Good Morning, Vietnam!

I found myself packed and ready to kick off again – ready, set, jet!

  • Spending more than 6 months in the same location seems impossible. The biggest risk is not taking any risk.
  • A simple twist of fate made me move to Vietnam end of 2013.
  • Vietnam is a former French colony which translates in excellent food, wide lanes, and colonial buildings.

Yeah it’s chaos, it’s clocks, it’s watermelons, it’s everything.

Welcome to Vietnam’s capital, Ho Chi Minh City where close to 10 million people crowd the streets on motorcycles and wear these typical conical hats.

Cars are (luckily) relatively rare and many are taxis. Except for a few buses, public transport has yet to be developed. This means you either move around by motorcycle or taxi. As for the latter, avoid scams by only hailing Vinasun or Mai Linh taxis. The trip from Tân Sơn Nhất Airport to the CBD should not set you back more than 200,000 VND or 7.5 EUR. From the airport, one can also take bus number 153 to Ben Thanh Market for as little as 5,000 VND or 0.20 EUR.

Vietnam is different from other Southeast Asian countries: most travelers will need an invitation letter before entering Vietnam. The letter can be used in turn to buy the visa on arrival (VOA) at the airport. Upon arrival, travelers pay at a booth and wait for the immigration police to stamp their passport. This can take hours. Literally. Paying a small bribe helps, but does not fix the problem longer-term. The right approach is to stand next to the booth and aggressively point to your passport (among the large stack) and say “My turn, my turn! Yes, yes, take that one!” It’s also wise to travel with some passport photos as you often require one in Asia. If you don’t have a picture, then an immigration officer will emerge from the booth and take a picture with a prehistoric camera. He will ask you 5 USD and obviously will never print or use the photo.

Ho Chi Minh City, formerly Saigon and commonly abbreviated as HCMC, is located at the sea but no (clean) beaches are nearby. The beaches of Mui Ne are 4-5 hours away, but are unfortunately getting swamped with Russians who appreciate the cheap direct flights from Moscow and the lack of visa for former communist states (and the cheap drinks).

Even though the constant stream of motorcycles never stops, the city is surprisingly walkable and features several parks where locals play badminton and are kicking shuttlecock, a modified badminton shuttle kicked with the foot. The sport is called đá cầu (in China Jianzi) and is the national sport in Vietnam. Best places to play are Tao Dan Park and around Notre Dame Cathedral.

HCMC, is divided in districts, each subdivided in wards. It heavily reminds of Peter Jackson’s movie District 9. District 1 features most sightseeing spots and several high-end hotels and shops. However, the rest of Vietnam is still a poor country with a GDP per capita of less than 2,000 USD. People speak (very) limited English and, although generally safe, pick pocketing and bag snatching often occurs. Better not flash your latest gadget here.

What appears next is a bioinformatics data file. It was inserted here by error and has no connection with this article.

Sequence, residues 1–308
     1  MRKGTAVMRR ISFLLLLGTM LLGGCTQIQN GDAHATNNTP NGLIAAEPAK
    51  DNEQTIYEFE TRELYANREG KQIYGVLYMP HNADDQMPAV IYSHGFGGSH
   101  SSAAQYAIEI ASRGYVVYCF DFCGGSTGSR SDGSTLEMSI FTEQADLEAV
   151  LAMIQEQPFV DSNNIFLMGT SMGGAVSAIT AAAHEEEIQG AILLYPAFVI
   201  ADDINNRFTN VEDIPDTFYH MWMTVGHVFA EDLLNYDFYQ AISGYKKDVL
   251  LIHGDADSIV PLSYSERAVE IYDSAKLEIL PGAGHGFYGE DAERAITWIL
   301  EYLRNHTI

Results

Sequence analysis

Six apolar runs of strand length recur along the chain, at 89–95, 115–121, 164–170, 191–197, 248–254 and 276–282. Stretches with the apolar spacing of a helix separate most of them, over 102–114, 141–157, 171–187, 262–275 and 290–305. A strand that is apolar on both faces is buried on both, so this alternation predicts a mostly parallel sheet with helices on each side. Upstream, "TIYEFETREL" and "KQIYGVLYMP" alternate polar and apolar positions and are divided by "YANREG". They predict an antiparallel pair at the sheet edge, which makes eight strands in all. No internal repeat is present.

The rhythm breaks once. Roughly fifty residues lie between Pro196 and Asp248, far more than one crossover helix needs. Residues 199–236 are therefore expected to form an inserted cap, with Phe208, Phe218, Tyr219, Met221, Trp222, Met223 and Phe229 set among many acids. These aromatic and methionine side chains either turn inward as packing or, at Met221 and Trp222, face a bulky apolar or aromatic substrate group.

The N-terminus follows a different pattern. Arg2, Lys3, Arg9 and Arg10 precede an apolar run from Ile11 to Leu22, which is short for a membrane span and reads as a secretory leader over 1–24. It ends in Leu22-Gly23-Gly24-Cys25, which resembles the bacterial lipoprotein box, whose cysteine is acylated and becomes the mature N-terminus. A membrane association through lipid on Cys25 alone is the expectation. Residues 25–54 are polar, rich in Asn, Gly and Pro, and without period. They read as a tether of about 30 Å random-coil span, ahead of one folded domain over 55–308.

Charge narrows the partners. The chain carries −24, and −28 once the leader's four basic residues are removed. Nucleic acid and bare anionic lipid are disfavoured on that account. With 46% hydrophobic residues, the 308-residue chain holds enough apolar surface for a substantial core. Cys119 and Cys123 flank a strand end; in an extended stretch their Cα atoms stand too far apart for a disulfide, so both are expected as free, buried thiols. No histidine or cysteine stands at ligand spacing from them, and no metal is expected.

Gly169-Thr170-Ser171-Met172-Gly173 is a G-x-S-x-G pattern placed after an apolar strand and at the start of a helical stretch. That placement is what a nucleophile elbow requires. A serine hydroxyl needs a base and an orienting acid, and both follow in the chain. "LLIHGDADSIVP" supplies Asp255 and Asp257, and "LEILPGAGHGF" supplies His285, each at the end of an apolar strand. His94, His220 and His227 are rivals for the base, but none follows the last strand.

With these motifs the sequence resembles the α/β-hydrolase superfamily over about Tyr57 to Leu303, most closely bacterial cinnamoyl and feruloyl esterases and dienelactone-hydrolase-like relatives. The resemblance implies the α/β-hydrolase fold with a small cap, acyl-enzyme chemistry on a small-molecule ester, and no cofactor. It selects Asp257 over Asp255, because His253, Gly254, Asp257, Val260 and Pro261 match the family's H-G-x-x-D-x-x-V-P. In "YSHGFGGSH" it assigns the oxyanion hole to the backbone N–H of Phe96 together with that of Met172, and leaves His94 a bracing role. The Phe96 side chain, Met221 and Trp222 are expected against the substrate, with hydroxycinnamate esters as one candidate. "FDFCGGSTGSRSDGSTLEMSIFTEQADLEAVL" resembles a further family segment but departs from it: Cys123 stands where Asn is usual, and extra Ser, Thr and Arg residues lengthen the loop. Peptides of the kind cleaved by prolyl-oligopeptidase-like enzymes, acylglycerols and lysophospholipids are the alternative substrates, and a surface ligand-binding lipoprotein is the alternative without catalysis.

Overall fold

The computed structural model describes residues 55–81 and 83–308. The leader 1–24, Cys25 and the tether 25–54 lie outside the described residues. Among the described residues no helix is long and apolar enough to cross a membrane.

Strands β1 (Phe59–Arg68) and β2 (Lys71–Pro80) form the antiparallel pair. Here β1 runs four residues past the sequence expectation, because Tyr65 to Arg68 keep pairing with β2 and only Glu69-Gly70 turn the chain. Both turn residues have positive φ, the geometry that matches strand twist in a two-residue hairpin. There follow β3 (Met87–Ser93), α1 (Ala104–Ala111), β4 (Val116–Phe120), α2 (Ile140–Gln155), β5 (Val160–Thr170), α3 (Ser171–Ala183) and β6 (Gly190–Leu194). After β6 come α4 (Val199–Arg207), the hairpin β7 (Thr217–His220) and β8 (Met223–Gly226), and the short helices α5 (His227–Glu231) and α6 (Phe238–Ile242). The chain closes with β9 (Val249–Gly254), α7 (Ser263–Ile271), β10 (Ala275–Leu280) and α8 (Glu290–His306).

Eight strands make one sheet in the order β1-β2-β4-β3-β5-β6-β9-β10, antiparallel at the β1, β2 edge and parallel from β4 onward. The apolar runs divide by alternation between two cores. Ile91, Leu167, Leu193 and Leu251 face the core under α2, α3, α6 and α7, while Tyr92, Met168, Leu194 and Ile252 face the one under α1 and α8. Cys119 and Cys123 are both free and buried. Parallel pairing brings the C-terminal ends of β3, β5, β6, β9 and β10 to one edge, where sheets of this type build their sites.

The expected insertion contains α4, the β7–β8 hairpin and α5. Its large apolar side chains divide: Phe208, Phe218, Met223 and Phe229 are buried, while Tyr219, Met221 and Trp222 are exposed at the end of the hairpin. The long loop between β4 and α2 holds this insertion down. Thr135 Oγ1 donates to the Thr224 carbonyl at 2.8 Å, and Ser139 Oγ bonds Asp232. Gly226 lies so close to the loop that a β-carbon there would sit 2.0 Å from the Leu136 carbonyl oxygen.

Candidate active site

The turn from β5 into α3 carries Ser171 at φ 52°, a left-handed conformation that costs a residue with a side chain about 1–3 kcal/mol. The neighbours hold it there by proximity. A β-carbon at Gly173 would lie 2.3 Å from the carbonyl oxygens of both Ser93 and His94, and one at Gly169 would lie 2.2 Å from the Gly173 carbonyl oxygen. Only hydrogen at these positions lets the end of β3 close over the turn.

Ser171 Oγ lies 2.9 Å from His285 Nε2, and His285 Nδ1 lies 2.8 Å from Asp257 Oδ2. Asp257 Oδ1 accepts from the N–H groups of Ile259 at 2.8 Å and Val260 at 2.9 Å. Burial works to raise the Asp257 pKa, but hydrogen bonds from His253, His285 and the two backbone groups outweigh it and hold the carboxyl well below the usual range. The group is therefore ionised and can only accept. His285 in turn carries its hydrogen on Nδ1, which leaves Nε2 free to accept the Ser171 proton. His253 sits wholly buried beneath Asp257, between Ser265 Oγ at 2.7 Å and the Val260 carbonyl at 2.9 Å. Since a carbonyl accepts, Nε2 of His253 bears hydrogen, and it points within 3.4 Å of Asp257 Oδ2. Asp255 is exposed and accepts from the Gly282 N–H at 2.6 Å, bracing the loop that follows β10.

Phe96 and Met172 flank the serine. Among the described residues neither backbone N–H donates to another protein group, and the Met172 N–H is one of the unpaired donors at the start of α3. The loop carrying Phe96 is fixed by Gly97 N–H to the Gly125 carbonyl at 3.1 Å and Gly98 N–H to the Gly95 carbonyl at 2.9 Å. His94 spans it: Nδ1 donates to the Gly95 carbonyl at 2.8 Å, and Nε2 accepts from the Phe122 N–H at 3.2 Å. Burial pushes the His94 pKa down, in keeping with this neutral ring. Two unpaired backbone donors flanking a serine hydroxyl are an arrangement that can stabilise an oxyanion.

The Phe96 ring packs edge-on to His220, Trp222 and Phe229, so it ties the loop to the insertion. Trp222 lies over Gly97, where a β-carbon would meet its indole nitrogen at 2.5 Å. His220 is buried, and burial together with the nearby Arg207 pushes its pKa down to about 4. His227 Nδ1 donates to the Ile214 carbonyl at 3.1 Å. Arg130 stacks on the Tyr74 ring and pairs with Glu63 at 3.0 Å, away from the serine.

No building stands out more as the Bitexco Financial Tower, 68 floors high. I managed to take the elevator until floor 44, only to realize there was no way back. Apparently there is little demand for the excessively priced office space and consequently most of the floors are empty. Hence, the building owner had not bothered finishing the elevator system and I had to take the fire exit stairs down. Anyhow, floor 44 offers spectacular views over HCMC.

Another must see is the War Remnants Museum where the almost 20-year long Vietnam War or Second Indochina War is carefully documented. The First Indochina War was fought between the Vietnamese and the French colonists, but the Second Indochina War was a true David-versus-Goliath war against the US. The war was fought in Vietnam, Laos, and Cambodia, between 1955 to 1975. The US fought Vietnam’s Viet Cong during a long guerrilla war leading to millions of deaths and leaving numerous mine fields still killing people today. One can relive the war by visiting the Cu Chi Tunnels, a network of 250 km of tunnels and chamber, only 40 km from HCMC.

After WWII, the US feared a communist expansion in Southeast Asia directed by the Soviet Union. The so-called domino theory stipulated that if Vietnam would fall to communism, its surrounding countries such as Laos and Cambodia would fall as well. Hence the US invaded Vietnam. What followed was a long and deadly conflict which left Vietnam in ruins, even many decades after the war. With the help of Dow Chemical Company and Monsanto, the US used defoliants and herbicides in Vietnam to destroy vegetation and crops, depriving the Viet Cong of food and cover. The used chemical became infamous as Agent Orange and its dioxin still causes severe health problems today. The US eventually retreated its troops in 1975, a humiliating end to their Vietnam War. In the same year, the Khmer Rouge captured Phnom Penh, the capital of Cambodia of which about 25% of its 8 million population was killed during a genocide under the auspices of Pol Pot, dubbed the Hitler of Cambodia. The Vietnamese would eventually defeat the Khmer Rouge in the Cambodian–Vietnamese War.

Communism is still well alive in Vietnam, but capitalism is quietly sneaking in. Vietnamese love their local coffee, but the first Starbucks was opened in February 2013. The first McDonald’s opened in February 2014 and hundreds of people lined up to get their first Big Mac and french fries. Yet another US invasion?

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